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Tuesday, 29 May 1973
Page: 2797


Mr ENDERBY (Australian Capital Territory) ('Minister for the Capital Territory and Minister for the Northern Territory) - I support the 3 Bills before the House. I am reminded that as long ago as 1970 the then Prime Minister spoke during a by-election in which 1 was elected to this House in support of the proposition that the size of the Australian Capital Territory was such - I quote him loosely because I do not have his exact words in front of me - that it either was or shortly would be ready for increased representation. Indeed I seem to remember the then Minister for the Interior echoing those remarks shortly afterwards. It is my recollection that in 1968 the Prime Minister (Mr Whitlam) when he was Leader of the Opposition introduced the Territory Senators Bill in an attempt to take account of the fact that in the Australian Capital Territory a gross injustice was being perpetrated by the people being so under-represented. Although the honourable member for Parramatta (Mr N. H. Bowen) made some light talk about the burdens that all back bench politicians carry, it is worth reflecting that in the Australian Capital Territory, where there are about 180,000 people - a population increasing at about 10 per cent per annum compound - or half the population of Tasmania, there is one politician, one representative in the only body where any laws can be made affecting the people of the Australian Capital Territory.

Compare the situation in the Australian Capital Territory with the situation in Tasmania where there are 10 senators, 5 members of a House of Representatives, 35 members of the lower State House, 19 members of an upper State House, all paid and treated as full time politicians, and well over 500 local aldermen. In all arguments such as those that have been put by the honourable member for Parramatta it is often overlooked that the Australian Capital Territory and the Northern Territory for that matter, although not quite to the same extent, have their laws made by this Parliament on a plenary base. The Australian Parliament does not make all the laws for New South Wales. They are made in large measure for the people of New South Wales by the State Government of New South Wales. Many of the laws in New South Wales are made by local councils. But everything that affects the people of Canberra - from buses to the disposal of garbage, advertising, control of architects and the tower on Black Mountain - has in some way to come through this place.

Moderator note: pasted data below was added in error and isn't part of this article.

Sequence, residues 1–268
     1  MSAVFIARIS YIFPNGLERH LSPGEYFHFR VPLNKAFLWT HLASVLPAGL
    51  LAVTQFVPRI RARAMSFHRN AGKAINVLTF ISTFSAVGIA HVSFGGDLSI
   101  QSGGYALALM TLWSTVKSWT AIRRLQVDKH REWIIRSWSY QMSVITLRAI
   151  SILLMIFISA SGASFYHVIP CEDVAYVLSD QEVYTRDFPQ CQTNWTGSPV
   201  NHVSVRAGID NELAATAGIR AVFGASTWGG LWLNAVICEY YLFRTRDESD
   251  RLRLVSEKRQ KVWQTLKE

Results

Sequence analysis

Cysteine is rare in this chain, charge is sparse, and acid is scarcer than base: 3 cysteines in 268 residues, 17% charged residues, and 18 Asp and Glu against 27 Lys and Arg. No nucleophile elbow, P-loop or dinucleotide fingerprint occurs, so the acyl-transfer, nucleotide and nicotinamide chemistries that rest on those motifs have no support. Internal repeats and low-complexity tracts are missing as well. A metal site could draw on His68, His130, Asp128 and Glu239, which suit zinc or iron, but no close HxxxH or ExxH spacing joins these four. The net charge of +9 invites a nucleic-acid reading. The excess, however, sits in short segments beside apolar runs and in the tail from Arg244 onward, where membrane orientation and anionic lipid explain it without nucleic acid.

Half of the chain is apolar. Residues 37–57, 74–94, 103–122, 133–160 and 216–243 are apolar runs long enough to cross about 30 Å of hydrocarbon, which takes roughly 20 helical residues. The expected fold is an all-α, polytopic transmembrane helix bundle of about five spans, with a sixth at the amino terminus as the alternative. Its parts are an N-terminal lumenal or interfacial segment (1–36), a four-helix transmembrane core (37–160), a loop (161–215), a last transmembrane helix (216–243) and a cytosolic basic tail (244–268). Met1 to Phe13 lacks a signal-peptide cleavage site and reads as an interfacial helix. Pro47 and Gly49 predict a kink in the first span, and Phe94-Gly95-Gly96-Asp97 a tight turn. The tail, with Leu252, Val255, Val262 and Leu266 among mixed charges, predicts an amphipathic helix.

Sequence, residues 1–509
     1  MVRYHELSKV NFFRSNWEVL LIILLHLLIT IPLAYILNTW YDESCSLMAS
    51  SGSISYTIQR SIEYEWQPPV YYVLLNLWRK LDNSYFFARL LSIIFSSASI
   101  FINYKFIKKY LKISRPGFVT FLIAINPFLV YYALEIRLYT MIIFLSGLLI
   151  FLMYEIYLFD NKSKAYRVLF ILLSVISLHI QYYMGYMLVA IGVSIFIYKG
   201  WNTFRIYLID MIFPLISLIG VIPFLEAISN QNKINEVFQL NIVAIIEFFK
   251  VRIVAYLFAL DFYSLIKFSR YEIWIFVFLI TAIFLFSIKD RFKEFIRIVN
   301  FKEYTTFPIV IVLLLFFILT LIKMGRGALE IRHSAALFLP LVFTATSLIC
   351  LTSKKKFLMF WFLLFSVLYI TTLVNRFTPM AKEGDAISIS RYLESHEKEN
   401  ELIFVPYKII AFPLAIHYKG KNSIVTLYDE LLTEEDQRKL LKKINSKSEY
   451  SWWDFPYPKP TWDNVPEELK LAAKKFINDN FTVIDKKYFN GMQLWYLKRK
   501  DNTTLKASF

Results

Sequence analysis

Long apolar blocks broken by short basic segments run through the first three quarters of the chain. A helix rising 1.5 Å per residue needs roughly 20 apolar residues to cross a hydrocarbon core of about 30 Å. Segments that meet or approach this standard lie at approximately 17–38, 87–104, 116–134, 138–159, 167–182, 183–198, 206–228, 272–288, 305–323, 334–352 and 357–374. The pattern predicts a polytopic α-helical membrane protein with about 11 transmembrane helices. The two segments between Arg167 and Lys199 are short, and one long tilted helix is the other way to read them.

Mr N H Bowen (PARRAMATTA, NEW SOUTH WALES) - It is a great experience.


Mr ENDERBY - It is indeed. I can echo that remark. But everything has to go through this place whereas almost 600 full time and part time politicians serve the needs of the people of Tasmania for these overall purposes. Tasmania has twice the population of the Australian Capital Territory where one person is required to do everything. I make no apologies for this and I want no sympathy for it but I suggest it does ram home the inadequacy of the representation of the people of the Australian Capital Territory. It is true that they have an Advisory Council charged with advising, passing resolutions and making comment on matters of its own initiative or matters referred to it by the Minister but its members, in the present situation, cannot be regarded as peoples' representatives in the sense in which members of this House or members of the Senate are regarded. For these reasons, in principle I support this measure as being long overdue.

I touch briefly now on some aspects of the speech of the honourable member for Parramatta concerning the Senate. He spoke of territorial senators as though they were a strange creation. Of course they will be different.


Mr N H Bowen (PARRAMATTA, NEW SOUTH WALES) - For the short term.